The moment is here — family center opens doors

The folks over at the Northshore Family Center must be breathing a collective sigh of relief.

The folks over at the Northshore Family Center must be breathing a collective sigh of relief.

This moment had most likely been embedded in their minds for a long time.

When would they move into their new quarters at 18414 103rd Ave. N.E. in Bothell?

Well, they — finally — held their open house and community celebration last Wednesday to a full house of local residents, children, staff members, Bothell Mayor Mark Lamb and King County Councilmember Bob Ferguson. (See pictures on page 4.)

I unfortunately missed Lamb and Ferguson’s appearances, but I strolled up the street from the Reporter office and checked the place out and met with Jane Hinton (Family Support director), Beratta Gomillion (Center for Human Services executive director) and Dolores Reyes (Northshore Family Center program manager).

They were the rock stars of the day, and were constantly surrounded by people — not asking for autographs, but giving them thanks for their efforts of helping open the new spot.

Hinton was blown away by the three-floor building’s transformation.

“You’ve got to see the children’s floor,” she said. “People didn’t think we could do it — it was really dirty down there.”

Now, the bottom floor is brightly colored in reds, greens, yellows and blues and features bean bags, a couch and everything from books to a painting corner to toys and more. Parents will have a hard time getting their kids to leave, and from the looks of things last week, the workers will have just as much fun down there as the young ones.

“We’re lucky to have this place,” Reyes said. “We were lucky to have Rickett’s (the old building), but it was more spread out.

“Here, it’s more close, more homey. When you walk in the front door, we want you to feel like you’re at home.”

Well put, Dolores.

And she’s not only talking about the well-coiffed building and relaxed atmosphere, but how anyone is welcome to walk through the doors and chat up one of the staff members or visitors.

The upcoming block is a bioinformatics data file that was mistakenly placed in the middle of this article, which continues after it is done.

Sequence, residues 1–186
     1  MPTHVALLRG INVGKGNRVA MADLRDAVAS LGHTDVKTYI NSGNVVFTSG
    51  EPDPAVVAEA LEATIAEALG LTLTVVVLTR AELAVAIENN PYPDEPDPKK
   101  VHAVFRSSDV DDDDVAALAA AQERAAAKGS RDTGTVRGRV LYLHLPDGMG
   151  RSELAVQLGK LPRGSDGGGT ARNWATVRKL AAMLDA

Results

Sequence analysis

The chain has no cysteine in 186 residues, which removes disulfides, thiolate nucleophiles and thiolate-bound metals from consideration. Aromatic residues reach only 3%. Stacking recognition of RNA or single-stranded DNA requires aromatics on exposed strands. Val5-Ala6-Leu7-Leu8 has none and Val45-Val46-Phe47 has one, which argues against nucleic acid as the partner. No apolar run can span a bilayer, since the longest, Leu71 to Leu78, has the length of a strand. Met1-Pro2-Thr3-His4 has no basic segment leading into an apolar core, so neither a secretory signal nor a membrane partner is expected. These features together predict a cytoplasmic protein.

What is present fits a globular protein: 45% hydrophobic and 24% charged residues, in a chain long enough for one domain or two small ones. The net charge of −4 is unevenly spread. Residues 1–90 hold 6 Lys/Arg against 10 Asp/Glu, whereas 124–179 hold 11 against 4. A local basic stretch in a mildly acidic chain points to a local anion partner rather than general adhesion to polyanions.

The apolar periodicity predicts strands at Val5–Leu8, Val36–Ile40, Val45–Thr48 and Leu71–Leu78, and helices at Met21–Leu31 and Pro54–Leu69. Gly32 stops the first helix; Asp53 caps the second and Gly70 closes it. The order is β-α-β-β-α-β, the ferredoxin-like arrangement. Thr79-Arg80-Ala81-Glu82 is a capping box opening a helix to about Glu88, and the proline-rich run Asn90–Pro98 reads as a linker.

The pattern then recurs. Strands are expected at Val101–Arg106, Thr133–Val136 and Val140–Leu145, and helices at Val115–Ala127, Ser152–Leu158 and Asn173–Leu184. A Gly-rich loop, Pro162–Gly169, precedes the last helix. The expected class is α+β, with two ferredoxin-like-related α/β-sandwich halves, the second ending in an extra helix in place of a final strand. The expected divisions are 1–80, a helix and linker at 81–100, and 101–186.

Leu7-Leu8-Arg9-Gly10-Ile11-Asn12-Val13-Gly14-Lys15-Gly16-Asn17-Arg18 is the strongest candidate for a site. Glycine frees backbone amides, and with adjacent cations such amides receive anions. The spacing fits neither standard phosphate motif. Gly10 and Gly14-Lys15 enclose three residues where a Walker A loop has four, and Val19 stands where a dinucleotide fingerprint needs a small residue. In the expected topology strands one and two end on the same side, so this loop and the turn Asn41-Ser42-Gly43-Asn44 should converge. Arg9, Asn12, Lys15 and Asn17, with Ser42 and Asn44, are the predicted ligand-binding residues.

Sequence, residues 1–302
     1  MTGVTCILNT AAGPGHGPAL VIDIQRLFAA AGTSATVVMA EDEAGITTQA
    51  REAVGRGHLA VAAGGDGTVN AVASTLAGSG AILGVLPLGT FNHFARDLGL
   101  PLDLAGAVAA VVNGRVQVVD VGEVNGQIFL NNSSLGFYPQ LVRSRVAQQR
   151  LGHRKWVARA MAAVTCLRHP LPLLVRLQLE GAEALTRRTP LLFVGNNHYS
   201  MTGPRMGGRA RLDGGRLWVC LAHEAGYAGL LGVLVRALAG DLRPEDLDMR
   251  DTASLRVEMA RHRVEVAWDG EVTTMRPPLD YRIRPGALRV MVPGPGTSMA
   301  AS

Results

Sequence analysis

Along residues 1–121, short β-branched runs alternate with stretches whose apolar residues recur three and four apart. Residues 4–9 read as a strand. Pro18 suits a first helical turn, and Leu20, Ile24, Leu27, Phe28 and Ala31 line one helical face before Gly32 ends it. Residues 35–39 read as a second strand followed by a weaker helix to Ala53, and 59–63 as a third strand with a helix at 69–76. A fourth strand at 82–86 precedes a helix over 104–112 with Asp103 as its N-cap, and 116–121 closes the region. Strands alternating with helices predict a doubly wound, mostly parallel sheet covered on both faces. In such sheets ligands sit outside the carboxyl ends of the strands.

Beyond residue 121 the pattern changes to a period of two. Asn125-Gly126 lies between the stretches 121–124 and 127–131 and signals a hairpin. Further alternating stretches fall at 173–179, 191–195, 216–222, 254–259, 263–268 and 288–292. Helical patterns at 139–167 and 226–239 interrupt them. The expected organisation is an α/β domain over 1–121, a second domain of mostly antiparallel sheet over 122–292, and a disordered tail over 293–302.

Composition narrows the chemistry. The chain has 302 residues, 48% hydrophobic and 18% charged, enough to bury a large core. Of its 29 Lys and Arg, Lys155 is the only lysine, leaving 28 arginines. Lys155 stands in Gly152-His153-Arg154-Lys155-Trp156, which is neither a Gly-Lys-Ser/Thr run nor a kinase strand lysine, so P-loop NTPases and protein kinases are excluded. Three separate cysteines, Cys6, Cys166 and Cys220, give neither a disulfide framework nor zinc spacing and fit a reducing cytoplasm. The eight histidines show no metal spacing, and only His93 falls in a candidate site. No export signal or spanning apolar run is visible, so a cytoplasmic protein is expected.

There’s something for everyone: adult workshops and classes, family events, support groups and activities, computer use/Internet access and more.

Even more important, there’s an on-site bilingual staff. On the children’s floor, there is a sign that reads: primeros pasos, or first steps, that shows pictures of children wearing costumes and having a blast.

It’s clear that, in any language, the Northshore Family Center employees are going to make sure people are going to feel welcome in their new space.

More in Opinion

KCLS forges partnerships for broader public benefit

Partnerships make it possible for KCLS to serve a broader range of people, while stretching tax dollars.

The importance of being counted | Windows and Mirrors

The 2020 Census is coming and that can greatly affect everything from government representation and federal funding.

This year’s biggest election for Democrats isn’t on the ballot

Four women are vying to become the next House speaker. The Democratic caucus will decide in July.

Proud to be themselves | Windows and Mirrors

June is Pride month and PFLAG Bellevue Eastside has been supporting the local LGBTQ+ community since 1996.

From Eastside to East Coast | Reporter’s Notebook

Reporter Kailan Manandic bids farewell to the Eastside for new adventures in Boston.

Alternative to Sammamish River Trail | Letter

The proposed King County improvements to the Sammamish River Trail should be… Continue reading

In the hands of voters | Letter

Every voter in the state of Washington should be furious with the… Continue reading

A humanitarian crisis | Letter

Hundreds killed or injured. Many raped. Bodies found in the Nile. Sudan… Continue reading

Governor’s watch: timing is everything

Inslee, possible candidates eye 2020 race

Closing the margins | Windows and Mirrors

How a program at Mercer Island High School is helping students affect social change.

Summertime opportunities to read, learn and grow

A monthly column about King County libraries.

Redirecting funds | Letter

There has been a recent influx of publicity about mental health treatment… Continue reading